Well, it’s happened again. Another national retailer has had its payment systems hacked. This and similar cyber attacks against corporations appear to be on the rise so as a consumer you will want to be especially diligent in watching your accounts for unauthorized use. The Consumer Financial Protection Bureau (CFPB) offers four steps you should take when you suspect that your debit or credit card information has been compromised: Read more

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Three Ways to Skin the Asset Allocation Cat

Over the past several weeks, you’ve heard me talk a lot about investing and for good reason. Investing is one of the most important parts of any financial goal or wealth accumulation strategy. The problem, like with most things, is that there is no one perfect way to do it. You probably know the basics—diversify, re-balance, dollar-cost average—but did you realize that there are at least three forms of asset allocation? Knowing what they are, how they are different, and which one may be right for you could make you a better investor over time. Read more

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Four Steps to Car Buying

This year my daughter is turning 16,and you know what that means. Buying and selling a vehicle can be one of the most intimidating financial transactions you will ever experience, but there is a plethora of information and advice out there to help even the most nervous consumer get through the process. Here are some simple steps you can take to acquire the car of your dreams: Read more

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We’re Not Gonna Take It Anymore! (Part 3)

Several weeks ago, I introduced the idea of challenging corporate financial policies that put the company ahead of the customer. I talked about how cancellation policies are not set in stone and how consumers have nothing to lose by requesting a refund of unused services despite what the cancellation policy says. Last week, I continued the discussion by challenging the notion that new-customer deals should only be available to new customers while existing customers should be satisfied with the status quo. For this week’s blog post, I’m taking on the notion that some deals are only good “for a limited time.” Read more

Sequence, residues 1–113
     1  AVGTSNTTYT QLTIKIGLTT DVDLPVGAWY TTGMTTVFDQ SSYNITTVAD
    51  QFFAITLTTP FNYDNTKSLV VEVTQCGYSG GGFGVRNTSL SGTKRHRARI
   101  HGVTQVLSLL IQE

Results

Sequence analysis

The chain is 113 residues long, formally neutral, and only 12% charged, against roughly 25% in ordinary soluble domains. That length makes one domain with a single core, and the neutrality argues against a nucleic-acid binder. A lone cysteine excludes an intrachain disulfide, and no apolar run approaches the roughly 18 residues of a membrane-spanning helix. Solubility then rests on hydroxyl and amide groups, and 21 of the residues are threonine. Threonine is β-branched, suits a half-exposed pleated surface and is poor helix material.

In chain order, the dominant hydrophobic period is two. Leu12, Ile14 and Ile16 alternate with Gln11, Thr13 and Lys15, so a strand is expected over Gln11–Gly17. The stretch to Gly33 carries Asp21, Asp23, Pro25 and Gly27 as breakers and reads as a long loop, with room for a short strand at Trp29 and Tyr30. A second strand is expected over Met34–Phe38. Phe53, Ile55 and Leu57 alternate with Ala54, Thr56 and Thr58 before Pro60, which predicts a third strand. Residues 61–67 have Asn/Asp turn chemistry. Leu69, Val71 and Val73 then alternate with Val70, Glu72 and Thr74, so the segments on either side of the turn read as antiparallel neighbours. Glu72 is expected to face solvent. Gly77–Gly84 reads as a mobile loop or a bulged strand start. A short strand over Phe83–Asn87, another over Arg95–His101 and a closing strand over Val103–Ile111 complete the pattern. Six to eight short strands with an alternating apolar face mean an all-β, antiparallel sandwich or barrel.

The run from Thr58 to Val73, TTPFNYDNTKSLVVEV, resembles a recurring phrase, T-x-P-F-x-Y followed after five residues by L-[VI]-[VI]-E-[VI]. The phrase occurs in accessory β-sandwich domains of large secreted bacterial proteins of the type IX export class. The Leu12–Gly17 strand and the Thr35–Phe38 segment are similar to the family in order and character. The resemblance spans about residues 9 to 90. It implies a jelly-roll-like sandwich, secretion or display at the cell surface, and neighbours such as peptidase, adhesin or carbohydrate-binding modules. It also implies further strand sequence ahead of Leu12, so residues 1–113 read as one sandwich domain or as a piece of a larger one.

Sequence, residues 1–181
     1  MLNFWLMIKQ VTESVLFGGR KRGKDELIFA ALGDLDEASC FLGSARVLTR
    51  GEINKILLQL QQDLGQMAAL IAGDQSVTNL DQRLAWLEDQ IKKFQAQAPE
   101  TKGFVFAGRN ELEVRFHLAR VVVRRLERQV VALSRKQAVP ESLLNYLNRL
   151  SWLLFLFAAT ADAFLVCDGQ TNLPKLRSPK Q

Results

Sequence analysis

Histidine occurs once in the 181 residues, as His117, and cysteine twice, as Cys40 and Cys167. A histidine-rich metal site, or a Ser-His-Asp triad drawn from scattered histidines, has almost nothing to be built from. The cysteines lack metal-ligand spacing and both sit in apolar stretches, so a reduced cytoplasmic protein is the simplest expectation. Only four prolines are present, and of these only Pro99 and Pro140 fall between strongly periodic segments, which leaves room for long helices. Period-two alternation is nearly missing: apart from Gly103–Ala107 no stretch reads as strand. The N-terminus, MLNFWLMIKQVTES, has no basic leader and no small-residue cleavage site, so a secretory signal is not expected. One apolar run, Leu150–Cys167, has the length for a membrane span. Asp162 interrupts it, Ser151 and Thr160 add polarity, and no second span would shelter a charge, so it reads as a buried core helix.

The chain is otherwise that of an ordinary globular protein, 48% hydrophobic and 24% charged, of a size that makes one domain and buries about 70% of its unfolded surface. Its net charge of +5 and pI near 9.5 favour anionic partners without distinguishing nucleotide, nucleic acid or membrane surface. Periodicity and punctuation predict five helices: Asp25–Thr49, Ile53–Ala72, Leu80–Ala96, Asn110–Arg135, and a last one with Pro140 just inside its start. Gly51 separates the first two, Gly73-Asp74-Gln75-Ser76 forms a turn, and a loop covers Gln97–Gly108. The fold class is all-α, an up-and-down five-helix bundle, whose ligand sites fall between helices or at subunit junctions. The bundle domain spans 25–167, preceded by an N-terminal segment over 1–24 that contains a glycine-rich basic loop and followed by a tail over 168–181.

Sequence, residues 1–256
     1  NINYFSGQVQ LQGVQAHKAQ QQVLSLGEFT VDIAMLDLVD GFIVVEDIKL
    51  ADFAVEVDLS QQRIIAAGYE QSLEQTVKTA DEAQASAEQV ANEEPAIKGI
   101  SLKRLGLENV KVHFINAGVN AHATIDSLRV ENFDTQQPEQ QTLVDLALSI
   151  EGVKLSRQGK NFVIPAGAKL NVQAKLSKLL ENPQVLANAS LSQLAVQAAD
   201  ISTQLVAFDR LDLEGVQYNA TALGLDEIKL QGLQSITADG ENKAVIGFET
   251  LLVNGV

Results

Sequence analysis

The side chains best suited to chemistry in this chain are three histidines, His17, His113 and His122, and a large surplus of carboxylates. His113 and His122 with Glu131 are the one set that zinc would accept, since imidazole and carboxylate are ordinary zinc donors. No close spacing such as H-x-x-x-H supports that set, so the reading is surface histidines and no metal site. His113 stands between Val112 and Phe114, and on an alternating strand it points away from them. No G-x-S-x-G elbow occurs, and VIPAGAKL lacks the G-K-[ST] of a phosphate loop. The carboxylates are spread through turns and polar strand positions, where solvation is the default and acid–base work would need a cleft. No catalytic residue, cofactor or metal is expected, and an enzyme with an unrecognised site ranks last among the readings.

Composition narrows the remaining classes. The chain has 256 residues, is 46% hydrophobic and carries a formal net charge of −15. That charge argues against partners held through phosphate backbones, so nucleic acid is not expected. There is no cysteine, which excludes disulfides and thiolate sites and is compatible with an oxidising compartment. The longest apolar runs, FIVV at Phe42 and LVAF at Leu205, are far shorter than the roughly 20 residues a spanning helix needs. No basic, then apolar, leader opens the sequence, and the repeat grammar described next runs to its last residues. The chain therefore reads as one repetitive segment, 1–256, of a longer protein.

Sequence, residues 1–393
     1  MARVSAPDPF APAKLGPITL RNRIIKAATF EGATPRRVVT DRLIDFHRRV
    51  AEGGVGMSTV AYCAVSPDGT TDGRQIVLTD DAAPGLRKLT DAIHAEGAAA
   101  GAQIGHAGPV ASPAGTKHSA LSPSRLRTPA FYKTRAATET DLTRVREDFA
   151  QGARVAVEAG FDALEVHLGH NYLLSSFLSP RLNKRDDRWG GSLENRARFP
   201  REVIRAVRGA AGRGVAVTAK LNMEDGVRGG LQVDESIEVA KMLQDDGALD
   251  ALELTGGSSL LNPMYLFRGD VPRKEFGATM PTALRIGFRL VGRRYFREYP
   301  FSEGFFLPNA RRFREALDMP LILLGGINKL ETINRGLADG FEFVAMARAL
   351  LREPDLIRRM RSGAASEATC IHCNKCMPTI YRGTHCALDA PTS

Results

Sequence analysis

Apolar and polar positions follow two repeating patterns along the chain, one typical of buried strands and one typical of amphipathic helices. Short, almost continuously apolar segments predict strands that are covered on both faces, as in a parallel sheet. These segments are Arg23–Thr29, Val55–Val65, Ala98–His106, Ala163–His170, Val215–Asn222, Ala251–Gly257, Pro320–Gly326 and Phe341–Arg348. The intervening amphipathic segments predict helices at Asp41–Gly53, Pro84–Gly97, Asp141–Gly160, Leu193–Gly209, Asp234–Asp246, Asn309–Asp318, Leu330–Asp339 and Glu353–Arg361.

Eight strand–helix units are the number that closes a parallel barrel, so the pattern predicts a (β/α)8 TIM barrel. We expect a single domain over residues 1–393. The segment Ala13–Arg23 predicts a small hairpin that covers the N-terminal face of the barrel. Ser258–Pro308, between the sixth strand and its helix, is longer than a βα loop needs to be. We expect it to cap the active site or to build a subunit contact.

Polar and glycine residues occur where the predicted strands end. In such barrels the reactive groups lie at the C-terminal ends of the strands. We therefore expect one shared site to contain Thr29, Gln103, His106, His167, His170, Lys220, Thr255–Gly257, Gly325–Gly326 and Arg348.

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We’re Not Gonna Take It Anymore! (Part 2)

Last week, I shared with you how cancellation policies can intimidate you into not asking for a refund when you do not intend on using a prepaid service. Another policy that drives me nuts and may be intimidating consumers into settling for less is the policy that it’s okay to offer better options to new customers only. Since when is it okay to treat new friends better than old onesRead more

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We’re Not Gonna Take It Anymore! (Part 1)

One thing my daughter and I share in common is our affinity for 80’s rock music. From Def Leppard to Duran Duran, she loves the classics and one of her all-time favorite 80’s songs is Twisted Sister’s We’re Not Gonna Take It.  This song—an anthem for my generation—has inspired my attitude about many things, including money. In our current culture, we are conditioned to accept the financial policies of businesses without question but since when were we here to serve businesses instead of businesses serving us?  There’s a lot of competition out there for our money so when it comes to silly financial policies, maybe it’s time we STOP taking it! Read more